On average, a person will spend 90,000hours at work. Internal or external factors related to the work place can contribute to poor mental health which in turn affects employee’s productivity and career prospects. Work related matters such as an overload of work, long working hours, unreasonable deadlines and job insecurity contribute to poor mental health. A review of 228 research studies on employee wellbeing reported that there was a significant relationship between work place stress and health outcomes. Job insecurity was found to increase the odds of reporting poor health by about 50%. Having high demands at work increased the odds of being diagnosed with illness by a physician by 35%. When a local office technology company in Kenya carried out a survey, it was found that most of the employees only had functional relationships at work. Most of the employees stated that they felt isolated and unrecognized which made them anxious at times. This is just one of the many organizations in Kenya whose employees may be courting poor mental health at the work place. Most organizations lack data on the status of the mental health of their employees in spite of the significant contribution of mental health to productivity.
In as much as there has been an increase in awareness about mental health in the workplace, most organizations have been slow to implement mental health policies. Traditionally, most organizations implement mental health initiatives at work following a mental health related incident in their organizations. Reactive measures towards improving mental health at the workplace often have little effect as compared to proactive, data driven measures. Most organizations also lack an understanding of the business case for having initiatives that promote mental well-being at the work place. Measuring the return on investment (ROI) for workplace well-being programs often stands as a barrier to companies seeking to improve the mental well-being of their employees.
In spite of the existence of these barriers, a number of organizations are leading the way. Unilever is a good example of an organization that has a mental wellbeing program in place. The company provides training for its managers to enable them to recognize signs of mental illness. The Copy Cat Group Limited in Kenya has an employee assistance program in place which allows employees to call a counsellor who works for the organization and discuss matters relating to their mental well-being. Kenya Railways has trained peer educators and counsellors as part of its work force who help their colleagues navigate matters related to mental health.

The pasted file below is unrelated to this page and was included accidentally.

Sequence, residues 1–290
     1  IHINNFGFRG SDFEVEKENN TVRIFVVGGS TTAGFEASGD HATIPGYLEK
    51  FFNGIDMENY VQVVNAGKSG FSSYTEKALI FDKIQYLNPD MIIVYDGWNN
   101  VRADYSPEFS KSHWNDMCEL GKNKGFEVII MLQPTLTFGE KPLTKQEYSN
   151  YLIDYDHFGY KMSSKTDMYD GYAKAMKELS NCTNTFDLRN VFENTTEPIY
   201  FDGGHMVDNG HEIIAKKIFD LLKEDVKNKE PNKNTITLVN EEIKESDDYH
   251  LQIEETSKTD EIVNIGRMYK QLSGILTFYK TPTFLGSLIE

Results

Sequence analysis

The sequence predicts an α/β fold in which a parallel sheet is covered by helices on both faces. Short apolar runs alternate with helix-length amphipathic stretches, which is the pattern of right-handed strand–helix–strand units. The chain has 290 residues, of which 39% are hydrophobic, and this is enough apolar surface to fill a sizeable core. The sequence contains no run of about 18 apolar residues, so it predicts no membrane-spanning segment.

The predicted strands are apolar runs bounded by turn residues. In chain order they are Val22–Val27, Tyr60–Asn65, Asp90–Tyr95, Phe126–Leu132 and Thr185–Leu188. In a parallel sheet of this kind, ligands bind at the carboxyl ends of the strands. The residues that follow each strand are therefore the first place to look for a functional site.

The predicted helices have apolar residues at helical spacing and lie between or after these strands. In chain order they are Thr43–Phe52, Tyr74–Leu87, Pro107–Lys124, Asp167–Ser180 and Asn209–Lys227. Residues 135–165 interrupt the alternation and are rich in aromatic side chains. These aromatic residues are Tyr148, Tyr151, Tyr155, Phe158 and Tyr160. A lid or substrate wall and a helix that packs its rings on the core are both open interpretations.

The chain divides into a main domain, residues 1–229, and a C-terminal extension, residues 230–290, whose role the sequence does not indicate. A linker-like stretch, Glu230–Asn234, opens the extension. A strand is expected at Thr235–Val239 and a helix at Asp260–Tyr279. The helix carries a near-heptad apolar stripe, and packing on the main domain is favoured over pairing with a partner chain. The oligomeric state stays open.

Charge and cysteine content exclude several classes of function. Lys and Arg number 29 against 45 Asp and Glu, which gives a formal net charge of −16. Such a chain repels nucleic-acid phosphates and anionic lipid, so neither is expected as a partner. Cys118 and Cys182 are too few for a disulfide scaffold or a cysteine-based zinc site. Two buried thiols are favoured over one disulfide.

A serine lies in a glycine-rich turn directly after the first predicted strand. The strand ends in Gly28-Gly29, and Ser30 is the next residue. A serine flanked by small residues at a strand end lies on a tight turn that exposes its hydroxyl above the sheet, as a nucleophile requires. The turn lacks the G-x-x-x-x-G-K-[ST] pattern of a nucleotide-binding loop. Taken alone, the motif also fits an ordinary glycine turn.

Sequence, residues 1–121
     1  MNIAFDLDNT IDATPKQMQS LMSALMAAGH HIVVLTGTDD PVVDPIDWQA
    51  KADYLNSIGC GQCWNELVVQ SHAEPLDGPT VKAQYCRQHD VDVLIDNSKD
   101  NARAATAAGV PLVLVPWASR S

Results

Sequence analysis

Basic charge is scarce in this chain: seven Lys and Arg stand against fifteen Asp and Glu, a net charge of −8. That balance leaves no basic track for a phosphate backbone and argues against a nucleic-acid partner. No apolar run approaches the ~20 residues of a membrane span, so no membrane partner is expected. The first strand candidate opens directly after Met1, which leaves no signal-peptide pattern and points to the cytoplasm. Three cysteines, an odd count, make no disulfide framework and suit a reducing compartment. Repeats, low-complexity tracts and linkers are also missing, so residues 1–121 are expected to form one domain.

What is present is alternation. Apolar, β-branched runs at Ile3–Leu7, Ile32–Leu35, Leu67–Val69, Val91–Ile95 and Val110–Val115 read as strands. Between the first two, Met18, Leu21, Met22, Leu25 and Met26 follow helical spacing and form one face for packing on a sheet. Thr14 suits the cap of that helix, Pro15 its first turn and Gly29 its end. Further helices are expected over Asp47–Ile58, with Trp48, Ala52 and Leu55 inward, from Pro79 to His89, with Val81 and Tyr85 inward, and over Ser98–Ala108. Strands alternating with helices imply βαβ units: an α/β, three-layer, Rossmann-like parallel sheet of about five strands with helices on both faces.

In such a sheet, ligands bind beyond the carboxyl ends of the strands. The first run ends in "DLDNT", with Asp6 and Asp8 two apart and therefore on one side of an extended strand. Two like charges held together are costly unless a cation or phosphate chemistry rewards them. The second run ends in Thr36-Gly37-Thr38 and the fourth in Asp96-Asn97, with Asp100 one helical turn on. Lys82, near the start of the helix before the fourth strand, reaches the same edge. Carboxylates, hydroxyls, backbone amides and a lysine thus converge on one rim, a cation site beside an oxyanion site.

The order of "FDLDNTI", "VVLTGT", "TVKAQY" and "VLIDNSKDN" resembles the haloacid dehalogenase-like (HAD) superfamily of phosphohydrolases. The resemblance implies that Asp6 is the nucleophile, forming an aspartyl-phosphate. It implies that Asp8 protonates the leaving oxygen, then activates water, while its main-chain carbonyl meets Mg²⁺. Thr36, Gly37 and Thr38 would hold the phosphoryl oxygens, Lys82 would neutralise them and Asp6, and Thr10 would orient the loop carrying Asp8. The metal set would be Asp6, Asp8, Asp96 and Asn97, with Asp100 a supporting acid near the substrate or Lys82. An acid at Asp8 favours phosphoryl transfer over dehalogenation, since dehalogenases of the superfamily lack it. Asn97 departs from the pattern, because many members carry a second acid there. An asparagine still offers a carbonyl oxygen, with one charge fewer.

There are still many organizations in Kenya and in other parts of the continent that are lagging behind in promoting mental well-being at the work place. This mirrors the low priority assigned to mental well-being in the continent. Statistics by World Health Organization indicate that about 46% of countries in Africa lack a mental health policy. Employers need to create a culture of mental health awareness and promote initiatives that help prevent mental illness. Leaders play a crucial role in encouraging employees to talk about mental health and providing support for those who suffer from mental illness. This would help in mitigating stigma associated with mental health hence improving outcomes associated with mental illness. Barclays Bank (currently trading as Absa Group) provides a good example on how to do this. The bank had a campaign dubbed “This is Me” in which employees suffering from mental illness talked about their struggles and triumphs with mental illness. There are other actions that can be implemented by organizations such as:
There is no one size fits all but a company needs to start somewhere; and what better place than how you hire by really getting to know your potential employees. Talk to us today for your hiring needs and we shall be part of your employee’s journey.